Wednesday, 2 February 2011

Testing Alan Parsons

Those were such happy days and 9/11 was less than a decade away into the future. Digital audio had arrived firmly on the scene and good old analogue was fighting back with a little help from vacuum tubes. Torn between ones and zeros, I found it immensely rewarding in every sense of the word to regularly attend professional audio trade shows in England and Germany.

Back then, from a humble 4-track setup, I had upgraded to an analogue 8-track recorder that used ½” wide magnetic tape which moved at fifteen inches per second across the assembly of multiple heads and pinch rollers. Not many of today’s bottle-fed digital boys would know what it means watching 10½” wide reels spin. The same machine helped me record many jingles, voice-overs, at least two complete pop albums, and many pop singles, including Pyar Ki Piyas.

Back to the shows now; the one in Germany, called Musikmesse, would be held in April of each year at Frankfurt and extend over scores of stadium-sized exhibition halls. I only attended it once when invited by Studiomaster of UK. It was impossible to even walk casually through all the halls in three days, leave alone stop at each stall to see what was on display. The highlight of Musikmesse was the fantastic booth of Marshall guitar amplifiers. There a tall man, with curly hair covering his entire face, lead guitarist of Guns n’ Roses, stood dishing out autographs to the fans. Of course, Slash signed for me.
For all the APRS (Association of Professional Recording Services) shows I attended, the venue was always the Olympia Exhibition Centre in West Kensington, London. The English professional audio trade shows were always delightfully homely compared with other bigger shows held all over the globe. Apart from the relaxed yet professional atmosphere there, the great advantage was that everyone spoke English—even the Americans.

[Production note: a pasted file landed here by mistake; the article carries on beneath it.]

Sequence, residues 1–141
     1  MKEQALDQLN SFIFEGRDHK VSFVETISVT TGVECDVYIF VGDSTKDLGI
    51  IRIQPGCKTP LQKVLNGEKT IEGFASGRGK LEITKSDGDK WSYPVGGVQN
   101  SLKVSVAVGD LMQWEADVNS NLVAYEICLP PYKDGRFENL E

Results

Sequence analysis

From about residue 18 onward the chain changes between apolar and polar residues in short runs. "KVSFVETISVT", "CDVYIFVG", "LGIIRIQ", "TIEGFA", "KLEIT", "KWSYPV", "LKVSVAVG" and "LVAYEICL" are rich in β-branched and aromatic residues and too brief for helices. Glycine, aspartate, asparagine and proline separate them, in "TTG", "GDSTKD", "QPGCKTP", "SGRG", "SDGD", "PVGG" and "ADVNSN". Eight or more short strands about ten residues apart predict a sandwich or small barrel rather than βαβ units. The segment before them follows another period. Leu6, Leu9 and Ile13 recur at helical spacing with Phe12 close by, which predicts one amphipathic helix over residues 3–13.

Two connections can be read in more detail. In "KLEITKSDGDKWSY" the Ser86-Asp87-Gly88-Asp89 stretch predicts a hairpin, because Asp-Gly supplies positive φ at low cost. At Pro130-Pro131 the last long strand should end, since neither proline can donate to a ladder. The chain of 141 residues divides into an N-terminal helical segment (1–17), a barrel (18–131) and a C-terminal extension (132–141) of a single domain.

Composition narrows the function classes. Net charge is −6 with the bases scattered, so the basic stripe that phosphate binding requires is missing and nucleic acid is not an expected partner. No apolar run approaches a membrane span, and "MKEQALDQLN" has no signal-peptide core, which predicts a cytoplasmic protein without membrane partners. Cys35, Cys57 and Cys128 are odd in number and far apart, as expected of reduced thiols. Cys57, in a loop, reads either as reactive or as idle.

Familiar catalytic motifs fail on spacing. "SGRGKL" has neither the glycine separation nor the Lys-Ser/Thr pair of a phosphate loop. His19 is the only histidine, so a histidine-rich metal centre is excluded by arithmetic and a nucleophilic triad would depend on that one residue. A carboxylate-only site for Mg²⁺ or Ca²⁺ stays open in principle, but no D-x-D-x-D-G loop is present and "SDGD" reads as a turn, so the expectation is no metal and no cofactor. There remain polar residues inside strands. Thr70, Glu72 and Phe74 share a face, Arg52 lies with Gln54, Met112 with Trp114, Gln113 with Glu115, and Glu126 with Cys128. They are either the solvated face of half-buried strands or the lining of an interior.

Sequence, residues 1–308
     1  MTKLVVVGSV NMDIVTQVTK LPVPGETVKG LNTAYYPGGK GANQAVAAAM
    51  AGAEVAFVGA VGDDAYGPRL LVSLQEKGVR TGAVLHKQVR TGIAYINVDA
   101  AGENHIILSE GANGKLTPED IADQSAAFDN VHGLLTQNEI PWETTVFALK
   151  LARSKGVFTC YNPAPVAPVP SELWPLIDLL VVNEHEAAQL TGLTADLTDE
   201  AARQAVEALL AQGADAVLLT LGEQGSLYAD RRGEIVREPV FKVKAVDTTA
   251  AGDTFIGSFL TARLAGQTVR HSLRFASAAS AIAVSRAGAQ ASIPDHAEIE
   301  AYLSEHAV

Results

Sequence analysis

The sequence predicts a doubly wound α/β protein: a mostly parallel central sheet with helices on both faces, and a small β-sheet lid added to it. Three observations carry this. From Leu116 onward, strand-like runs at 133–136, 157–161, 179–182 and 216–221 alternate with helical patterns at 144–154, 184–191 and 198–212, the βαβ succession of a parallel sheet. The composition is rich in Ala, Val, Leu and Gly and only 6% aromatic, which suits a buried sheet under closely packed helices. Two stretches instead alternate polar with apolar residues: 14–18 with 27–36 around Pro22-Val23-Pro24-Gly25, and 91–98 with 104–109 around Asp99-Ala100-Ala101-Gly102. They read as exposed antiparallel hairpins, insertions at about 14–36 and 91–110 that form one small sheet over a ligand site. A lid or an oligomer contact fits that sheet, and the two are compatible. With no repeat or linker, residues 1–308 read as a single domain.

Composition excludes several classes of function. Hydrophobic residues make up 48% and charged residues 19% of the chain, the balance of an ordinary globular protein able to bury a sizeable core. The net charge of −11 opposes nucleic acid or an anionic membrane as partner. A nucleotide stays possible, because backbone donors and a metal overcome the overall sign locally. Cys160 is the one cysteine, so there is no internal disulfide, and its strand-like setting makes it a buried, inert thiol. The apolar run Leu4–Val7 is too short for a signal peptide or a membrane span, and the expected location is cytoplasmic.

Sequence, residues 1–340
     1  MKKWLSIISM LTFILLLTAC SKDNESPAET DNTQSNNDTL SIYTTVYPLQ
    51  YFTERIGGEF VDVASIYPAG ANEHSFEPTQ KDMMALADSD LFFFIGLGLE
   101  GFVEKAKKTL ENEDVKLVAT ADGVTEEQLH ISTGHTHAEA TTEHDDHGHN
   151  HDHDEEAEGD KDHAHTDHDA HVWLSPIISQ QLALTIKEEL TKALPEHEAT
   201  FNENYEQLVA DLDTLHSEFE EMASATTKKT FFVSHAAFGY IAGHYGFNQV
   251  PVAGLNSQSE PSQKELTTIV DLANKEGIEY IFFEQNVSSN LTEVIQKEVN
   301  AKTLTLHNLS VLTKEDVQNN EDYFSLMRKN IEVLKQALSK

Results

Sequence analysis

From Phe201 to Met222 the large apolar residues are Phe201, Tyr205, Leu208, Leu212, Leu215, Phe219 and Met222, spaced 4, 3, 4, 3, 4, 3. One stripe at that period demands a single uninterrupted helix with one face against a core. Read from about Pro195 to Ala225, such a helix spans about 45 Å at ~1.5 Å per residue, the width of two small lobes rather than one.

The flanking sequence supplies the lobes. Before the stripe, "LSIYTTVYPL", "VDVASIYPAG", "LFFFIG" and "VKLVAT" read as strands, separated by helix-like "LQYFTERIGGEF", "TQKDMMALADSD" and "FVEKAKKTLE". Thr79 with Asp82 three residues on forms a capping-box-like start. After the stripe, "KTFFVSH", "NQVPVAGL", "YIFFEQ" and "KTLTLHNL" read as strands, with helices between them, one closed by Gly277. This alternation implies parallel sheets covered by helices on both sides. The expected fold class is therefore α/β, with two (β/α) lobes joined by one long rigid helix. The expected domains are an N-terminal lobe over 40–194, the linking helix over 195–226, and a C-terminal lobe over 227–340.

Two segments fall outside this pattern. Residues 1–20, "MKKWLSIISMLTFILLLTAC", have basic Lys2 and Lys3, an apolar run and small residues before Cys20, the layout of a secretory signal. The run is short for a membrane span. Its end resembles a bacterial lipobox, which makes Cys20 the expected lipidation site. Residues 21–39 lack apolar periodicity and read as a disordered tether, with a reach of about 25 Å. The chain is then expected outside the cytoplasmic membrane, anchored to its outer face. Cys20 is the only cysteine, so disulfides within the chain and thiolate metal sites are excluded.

Making friends in the audio industry was as important as getting to know the manufacturers directly. I attended three APRS shows where the presence of rock stars and engineers like Alan Parsons, and knighted producers such as Sir George Martin (Beatles fame), always made the fairs worth attending.

Where professionals from the recording industry came from across the globe, it was important for me to have a neat business card. I would gladly hand out cards at the stalls of my choice and with great pride identify my studio, Sound On Sound, from Pakistan.

Sometime in the mid 80s, I designed the studio’s logo, keeping in mind the desirable elements of sine waves, two open reels with tape, spherical shock waves, and solid green letters placed against a black background inside a rectangular enclosure with round edges.

Soundcraft, Lexicon, Tube Tech, AKG, Neumann, Drawmer and so many other manufacturers quite unknown to the average consumer, would set up stalls at the show to highlight their latest offerings to the recording professionals. For instance, Japanese TEAC was a consumer brand, while the same company had a division called TASCAM that catered to audio professionals.

Similarly, Switzerland’s REVOX went by the name of STUDER for professionals. All through the three days there would be seminars, interesting demonstrations of new technology, innovative products using valves (things that glow in the dark and produce desirable warm sound), free drinks and snacks, all the product catalogues one could carry to the studio, and souvenirs to take home.

Particularly worth mentioning here is loudspeaker manufacturer JBL. When I complained to their European representative that one of the titanium tweeters of my studio (monitor) speakers had begun to distort within only a few years of use, he asked for my business card and said, “I’ll see what I can do”.

A few weeks later in Pakistan, I received a parcel. Inside it was a replacement tweeter for which I was not charged a single penny.